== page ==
Grenada is becoming steeped in art, its creative fires propelling to the world stage.
It was with great pleasure we learned of the honours given to Jason de Caires Taylor at the recent Independence Day Celebrations.
Over a period of years since 2007, he has been populating the Underwater Sculpture Park in Molinere with his evocative sculptures. Always there is an accompanying statement about the necessity of guarding our coastal and undersea environment. In the ensuing years, de Caires Taylor has represented Grenada at the Biennale di Venezia in 2017, the most prestigious art exhibition in the world. Further, it has been reported that the sculpture park is Grenada’s number one tourist choice for activities. This has economic power, providing an industry to the dive shops.
Today’s newspaper, the Asia Times, reports about the Grenadian heritage artist Steve McQueen. McQueen currently has an exhibition at the Tate London, and now at the Tate Modern Museums. The article describes the film made in Grenada.
“Ashes, meanwhile, is a tribute to a young fisherman from Grenada, the island where McQueen’s family originated. The images of beauty and sweetness filmed from his boat are tragically reversed on the other side of the projection screen, which shows a grave commissioned by McQueen for the eponymous young fisherman, who was killed by drug traffickers. African-American singer, actor and civil rights activist Paul Robeson (1898-1976) is honoured in End Credits.”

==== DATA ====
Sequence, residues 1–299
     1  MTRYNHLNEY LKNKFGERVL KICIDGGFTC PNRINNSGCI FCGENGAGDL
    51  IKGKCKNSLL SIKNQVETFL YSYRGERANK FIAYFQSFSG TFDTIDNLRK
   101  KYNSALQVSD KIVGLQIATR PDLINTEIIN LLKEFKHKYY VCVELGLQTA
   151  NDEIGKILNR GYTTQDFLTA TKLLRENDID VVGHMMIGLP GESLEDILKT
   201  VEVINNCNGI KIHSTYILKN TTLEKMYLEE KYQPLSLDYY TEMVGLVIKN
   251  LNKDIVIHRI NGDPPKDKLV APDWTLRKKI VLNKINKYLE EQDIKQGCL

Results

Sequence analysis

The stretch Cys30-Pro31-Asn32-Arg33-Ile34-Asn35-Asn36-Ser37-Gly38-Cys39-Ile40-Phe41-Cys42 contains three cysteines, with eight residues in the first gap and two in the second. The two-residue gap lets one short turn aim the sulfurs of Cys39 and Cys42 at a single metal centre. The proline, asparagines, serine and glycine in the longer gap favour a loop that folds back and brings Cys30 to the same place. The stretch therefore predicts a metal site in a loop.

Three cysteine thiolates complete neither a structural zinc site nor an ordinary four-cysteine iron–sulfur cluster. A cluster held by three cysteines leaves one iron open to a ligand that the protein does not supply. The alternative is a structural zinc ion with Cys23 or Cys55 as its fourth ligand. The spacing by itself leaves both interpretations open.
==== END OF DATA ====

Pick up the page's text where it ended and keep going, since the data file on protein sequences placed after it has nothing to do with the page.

This creative fire is kindled in the furnace of visual expression in Grenada.
At Art House 473 in Calliste, Asher Mains will open his new works show on 21 February at 6 pm. The exhibit entitled “Poetic Architecture” is a conceptual work — an installation with paintings in it. He is exploring the intersection of language and visual art, and acknowledges that it is a work in progress, to inform his own research. Mains currently lectures at St George’s University.
Coming in March is the work of Oliver Benoit. Benoit, a social scientist, looks at The Grenada Revolution, and mines the personal experience of many. His sound installation will no doubt engender much discussion. He welcomes this.
In April, Susan Mains will show an entirely new body of work — one that has been percolating for many years. She credits the Thursday drawing sessions at Art House 473 for helping to coalesce the ideas she has been grappling with.
Grenada is now attracting creatives from all over the world to visit and find out what has sparked this flame. Samuele Cherubini from Venice, Italy has worked with the Grenada Pavilion in Venice to do video documentation of the events. He now visits for a month, also working on assignment for National Geographic.
Creativity is a fire that burns but does not destroy—it continually builds us. For more info, [email protected]
Art House 473